Posted in Addiction, family, friendship, housekeeping, inner peace, Learning, Life, motherhood, People, recovery

Mementos

letters

I spent a good portion of last weekend cleaning my house. It needed to be done, and it always feels great having order restored, however temporary that order may be. But, when I found myself house-bound with a sick child both Monday and Tuesday, I was sort of at a loss for what to do. I could have folded the three loads of laundry that are sitting in a basket on my couch, but for whatever reason, I just can’t quite bring myself to deal with that. I did my normal avoidance routine, consisting of screwing around online, and binge watching yet another show (Mom this time, on Hulu- if you haven’t watched it, check it out. It’s pretty hilarious.). Eventually, though, I had to do something else, something productive, and I knew it was time. Time to deal with The Closet.

The Closet is in the hall, four doors, two on the bottom, two on the top, and I have been avoiding it for three years. Well, three years in March. That’s when I moved into this house, and that’s when I shoved The Closet full of bags and boxes of paperwork and keepsakes and God only knows what else, and left it to rot. I was still getting loaded when I moved into this place, and to be honest, I’ve been a little afraid of what I might find if I went poking around in there.

But on Monday, I put my big girl pants on and started digging- one bag and box at a time. There was a lot of junk, sure…things I should have thrown out eons ago. Printer cartridges for printers I don’t own anymore, file folders full of bills that no longer exist, insurance information for cars I no longer own. I filled up my recycle bin in the space of a few hours. I didn’t find anything to be ashamed of, though, and certainly nothing that put my recovery in danger. So that was a relief.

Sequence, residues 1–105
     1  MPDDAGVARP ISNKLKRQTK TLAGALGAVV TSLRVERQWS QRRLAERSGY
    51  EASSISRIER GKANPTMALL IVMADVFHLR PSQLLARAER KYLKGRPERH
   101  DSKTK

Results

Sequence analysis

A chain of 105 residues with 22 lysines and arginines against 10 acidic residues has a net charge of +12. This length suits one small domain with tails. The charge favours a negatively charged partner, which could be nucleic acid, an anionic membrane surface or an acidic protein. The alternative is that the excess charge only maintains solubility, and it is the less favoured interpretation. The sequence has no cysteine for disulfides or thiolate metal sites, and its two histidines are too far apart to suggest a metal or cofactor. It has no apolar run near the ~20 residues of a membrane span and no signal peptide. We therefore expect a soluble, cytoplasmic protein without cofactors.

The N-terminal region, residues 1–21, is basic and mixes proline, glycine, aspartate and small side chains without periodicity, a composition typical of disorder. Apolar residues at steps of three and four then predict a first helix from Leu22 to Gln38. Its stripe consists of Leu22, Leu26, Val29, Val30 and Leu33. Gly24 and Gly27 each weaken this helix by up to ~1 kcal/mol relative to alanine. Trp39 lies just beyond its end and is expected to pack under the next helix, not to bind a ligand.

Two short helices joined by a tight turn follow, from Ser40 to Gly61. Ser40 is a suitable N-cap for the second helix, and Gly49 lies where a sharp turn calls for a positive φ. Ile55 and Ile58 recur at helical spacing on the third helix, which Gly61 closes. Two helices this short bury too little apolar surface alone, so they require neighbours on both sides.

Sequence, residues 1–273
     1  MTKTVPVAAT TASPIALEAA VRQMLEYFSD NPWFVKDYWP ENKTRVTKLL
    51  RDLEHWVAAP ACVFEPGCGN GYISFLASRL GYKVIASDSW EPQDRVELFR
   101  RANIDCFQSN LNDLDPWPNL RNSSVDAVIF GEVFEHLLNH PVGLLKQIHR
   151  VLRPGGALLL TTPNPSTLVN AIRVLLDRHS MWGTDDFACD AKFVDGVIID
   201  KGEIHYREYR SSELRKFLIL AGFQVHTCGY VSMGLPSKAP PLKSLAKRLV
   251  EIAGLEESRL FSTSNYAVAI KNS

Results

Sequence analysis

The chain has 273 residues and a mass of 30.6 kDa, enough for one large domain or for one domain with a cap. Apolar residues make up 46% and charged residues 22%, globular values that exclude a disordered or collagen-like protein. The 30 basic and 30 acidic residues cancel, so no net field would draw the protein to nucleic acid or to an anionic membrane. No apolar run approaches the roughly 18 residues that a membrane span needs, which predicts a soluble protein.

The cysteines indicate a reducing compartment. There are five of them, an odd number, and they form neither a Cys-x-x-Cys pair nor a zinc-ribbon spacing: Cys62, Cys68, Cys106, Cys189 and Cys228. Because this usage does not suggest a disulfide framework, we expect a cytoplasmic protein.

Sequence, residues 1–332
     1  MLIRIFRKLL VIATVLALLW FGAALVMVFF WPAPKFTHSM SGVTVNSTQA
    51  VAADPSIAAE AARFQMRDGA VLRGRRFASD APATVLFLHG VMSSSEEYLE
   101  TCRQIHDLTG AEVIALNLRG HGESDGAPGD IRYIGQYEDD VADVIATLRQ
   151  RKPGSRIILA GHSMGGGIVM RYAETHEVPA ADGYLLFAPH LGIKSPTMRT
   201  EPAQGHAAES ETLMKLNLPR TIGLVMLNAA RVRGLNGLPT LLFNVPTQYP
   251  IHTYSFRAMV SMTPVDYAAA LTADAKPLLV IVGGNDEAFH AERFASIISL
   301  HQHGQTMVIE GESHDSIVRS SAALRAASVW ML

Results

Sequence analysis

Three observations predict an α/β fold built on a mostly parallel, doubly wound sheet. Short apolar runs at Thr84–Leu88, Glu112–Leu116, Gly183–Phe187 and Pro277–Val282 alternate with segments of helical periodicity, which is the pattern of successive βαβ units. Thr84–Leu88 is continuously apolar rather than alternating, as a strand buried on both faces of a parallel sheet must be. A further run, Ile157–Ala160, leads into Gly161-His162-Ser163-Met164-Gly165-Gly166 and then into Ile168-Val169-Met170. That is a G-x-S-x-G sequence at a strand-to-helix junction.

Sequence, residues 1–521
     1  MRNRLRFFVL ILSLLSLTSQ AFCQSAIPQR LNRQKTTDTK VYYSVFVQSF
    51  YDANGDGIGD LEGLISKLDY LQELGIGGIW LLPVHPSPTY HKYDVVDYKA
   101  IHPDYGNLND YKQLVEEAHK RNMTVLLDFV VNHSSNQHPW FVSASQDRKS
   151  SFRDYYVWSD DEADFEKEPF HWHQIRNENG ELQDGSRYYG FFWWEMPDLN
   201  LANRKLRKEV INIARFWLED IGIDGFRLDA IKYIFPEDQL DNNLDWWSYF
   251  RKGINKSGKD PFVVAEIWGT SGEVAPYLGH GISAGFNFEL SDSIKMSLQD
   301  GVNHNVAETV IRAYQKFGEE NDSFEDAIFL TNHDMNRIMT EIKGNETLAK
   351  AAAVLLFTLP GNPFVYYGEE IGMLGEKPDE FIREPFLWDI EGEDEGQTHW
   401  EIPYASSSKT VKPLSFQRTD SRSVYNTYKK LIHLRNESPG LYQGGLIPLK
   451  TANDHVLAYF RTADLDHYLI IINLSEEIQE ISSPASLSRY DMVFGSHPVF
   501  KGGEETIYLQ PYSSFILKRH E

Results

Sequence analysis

And then…and then I found some other stuff. I’ve kept boxes for each of my children- those fancy, pretty banker boxes- not the plain brown kind, but the ones you can buy at Marshall’s or Target with the beautiful designs on them? I’ve kept them for my kids and for myself for quite some time. I never really thought about how long I’ve kept them, and I don’t know if I’ve every thoroughly, soberly, gone through them since I started, but…I’m really glad I did.

Although I am working hard on my opinion of myself as a mother today, in the present, my opinion of the kind of mother I have been in the past has become rather concrete. I was a horrible mother, I decided, with no redeemable qualities, and my daughter would have been better off with anyone else. I was heartless and unloving and drug addicted, and I can rarely think of a time when I didn’t suck, heartily, at the task of parenting my eldest child. But her box of mementos tells a different story. I have every art project, every note to Santa and the Tooth Fairy, every report card and hand-made note she ever made for me- so many that I might need a bigger box. This “horrible mother” wrote things my daughter said to me on sticky notes and kept them, all these years. There are pictures of us that I had forgotten about, and we are laughing and playing, and clinging onto one another with love. My mind, my awful, lying mind told me a story and I believed it, and I have carried it around with me for all these years, without question. The things in this box tells me that maybe there is more to that story, more that I need to remember.